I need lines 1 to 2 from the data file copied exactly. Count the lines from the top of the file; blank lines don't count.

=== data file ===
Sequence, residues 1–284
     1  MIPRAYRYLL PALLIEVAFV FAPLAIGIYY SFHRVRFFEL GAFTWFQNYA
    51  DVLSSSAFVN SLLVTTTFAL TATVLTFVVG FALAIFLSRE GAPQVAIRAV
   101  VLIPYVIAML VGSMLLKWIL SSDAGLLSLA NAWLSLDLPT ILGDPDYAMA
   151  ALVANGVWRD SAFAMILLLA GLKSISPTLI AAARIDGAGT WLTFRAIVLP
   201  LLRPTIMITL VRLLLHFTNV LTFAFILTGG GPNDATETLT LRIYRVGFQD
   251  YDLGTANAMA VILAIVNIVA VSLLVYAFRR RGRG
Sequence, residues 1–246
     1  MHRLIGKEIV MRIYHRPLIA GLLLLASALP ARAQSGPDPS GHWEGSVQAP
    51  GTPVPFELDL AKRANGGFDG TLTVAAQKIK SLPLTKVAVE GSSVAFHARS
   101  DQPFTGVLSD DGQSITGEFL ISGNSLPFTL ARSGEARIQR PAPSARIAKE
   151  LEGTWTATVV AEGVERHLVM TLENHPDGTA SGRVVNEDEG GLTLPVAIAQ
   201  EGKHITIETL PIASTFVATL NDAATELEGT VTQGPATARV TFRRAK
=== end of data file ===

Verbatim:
Sequence, residues 1–284
     1  MIPRAYRYLL PALLIEVAFV FAPLAIGIYY SFHRVRFFEL GAFTWFQNYA